Can a small dental practice ever be fun and profitable?

The principal of a medium-sized dental practice in middle-England e-mailed me recently with a list of the difficulties he was experiencing whilst trying to grow his 4 surgery, mixed NHS/Private practice by hiring another associate dentist.

In particular, he observed that in his area:

  • Dental nurses are as rare as hens’ teeth to recruit and agency fees are putting up costs dramatically. He needs to add £5.00 per appointment from next week to cover the additional cost of agency nurses compared with having a full complement of his own staff.
  • His current staff want the equivalent of 10 – 15% pay rises
  • The associate dentists he meets are happy to plod along and there are fewer available to recruit
  • Compliance/HR requirements are ever growing
  • His team don’t want to work the hours that patients want to be seen
  • All of the responsibility of offering evening and Saturday appointments is falling on him

He summarised the way he felt as, “like a dog being swung around by its tail…

I know that there are many other practice owners who are similarly frustrated and, for once, I believe the answer for these folk is to forget growth, forget always looking to increase the practice size and asset value and instead consider: downsizing the practice, simplify the practice, say goodbye to the associates and some of the staff and go small. If done carefully, this can create a much simpler-to-run practice, which is far more profitable, much less stressful and requires the owner to spend less time at work.


In a conventional private practice, a full time dentist requires around 800-1,100 adult patients (depending on the type of dentistry being done) to fill their diary. This equates to 8-11 check ups per day, in order to see these active patients twice a year. Any more active patients than this and the daily gross fees are held back by too many check ups in the diary and not enough room for treatment.

However, a lone dentist can look after 1,500 or more active patients if they utilise a delegated clinical model. There are various versions of this operating successfully in practices we have worked with and essentially the model uses these tactics:

  1. Check up appointments are hosted in the hygienist’s surgery during an extended Hygienist appointment. The dentist visits the hygienist surgery to examine the patient usually after the hygienist has completed any periodontal therapy. The hygienist might also take clinical photographs, radiographs, take impressions for study models or whitening trays etc.
  2. Basic intrinsic restorations are carried out for patients by a skilled dental therapist.
  3. The dentist carries out more complex restorative, prosthodontic and surgical dentistry (some dentists also have a clinical dental technician on their team) and of course, they examine, treatment plan and treat the new patients.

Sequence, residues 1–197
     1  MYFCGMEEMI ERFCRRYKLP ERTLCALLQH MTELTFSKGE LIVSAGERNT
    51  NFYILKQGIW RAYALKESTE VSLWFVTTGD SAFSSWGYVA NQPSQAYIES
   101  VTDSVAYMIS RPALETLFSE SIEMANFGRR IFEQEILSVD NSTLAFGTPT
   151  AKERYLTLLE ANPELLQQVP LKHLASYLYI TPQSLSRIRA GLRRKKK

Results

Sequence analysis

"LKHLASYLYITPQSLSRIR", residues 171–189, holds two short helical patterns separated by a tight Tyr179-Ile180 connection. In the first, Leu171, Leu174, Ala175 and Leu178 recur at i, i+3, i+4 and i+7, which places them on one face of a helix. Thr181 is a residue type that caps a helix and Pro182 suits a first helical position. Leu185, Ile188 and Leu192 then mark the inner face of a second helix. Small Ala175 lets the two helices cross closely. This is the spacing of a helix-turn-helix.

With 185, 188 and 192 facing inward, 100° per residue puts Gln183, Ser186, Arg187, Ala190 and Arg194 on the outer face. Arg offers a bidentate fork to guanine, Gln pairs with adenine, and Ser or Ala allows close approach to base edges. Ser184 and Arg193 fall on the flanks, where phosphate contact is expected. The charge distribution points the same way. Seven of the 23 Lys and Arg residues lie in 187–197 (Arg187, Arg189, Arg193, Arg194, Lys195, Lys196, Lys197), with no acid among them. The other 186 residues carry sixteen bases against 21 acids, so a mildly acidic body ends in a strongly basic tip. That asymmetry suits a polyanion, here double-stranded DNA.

Here are some typical figures for this clinical model:

  • Dentist/Principal: 4 clinical days/week, £1,800/day, 44 weeks/year = £317k/year
  • Therapist: 3 clinical days/week, £750/day, 47 weeks/year = £106k/year
  • Hygienist: 3 clinical days/week, £750/day, 47 weeks/year, £106k/year
  • Total Gross = £528k/year
  • Direct Costs = circa £140k/year
  • Overhead (2 surgeries) = circa £240k/year
  • Net Profit = circa £150k/year
  • Practice open 5 days/week, dentist works 4 days/week

The advantages include:

  • Relatively simple to run
  • Profitable
  • Patients receive an outstanding clinical service from a close team of 3 skilled clinicians working together
  • The practice is not dependent on associate gross or good associate behaviours
  • No NHS regulations to comply with
  • Hygienist and therapist are employed avoiding any potential self-employed prima donnas
  • Clinicians are having interesting days
  • Both the clinicians and the patients enjoy the team approach

The disadvantages can be:

  • Not enough in-house emergency-cover when the dentist not present
  • Once full, no easy potential for growth (unless you set up another team of three clinicians)
  • Will likely attract a lower sale price than a more conventional practice

I have seen this clinical model work extremely well. The dentist feels in control, the patients feel well looked after, it’s easy to set and maintain clinical standards and if the appointment books are properly managed and the expenses controlled, the net profits can be greater than in a more conventional practice.

Dentists who run practices in this way accept that they may not sell their practice so easily or for so much, but they enjoy the high income and the smart ones grow assets from their surplus income.

This model is certainly not for everyone and choosing to work like this is really all about taking back control of your practice and reducing the stress that can accompany owning and running a bigger, more complex practice.

It’s also about whether you want to risk being the dog being swung around by its tail…

If you would like to find the right clinical model for you, or get back control of your practice and your life, then please contact me for a chat.

Best wishes,

m. 07770 430576

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One Response to Can a small dental practice ever be fun and profitable?

  1. jonathan fine says:


    excellent thought provoking article

    thank you

    Jonathan Fine

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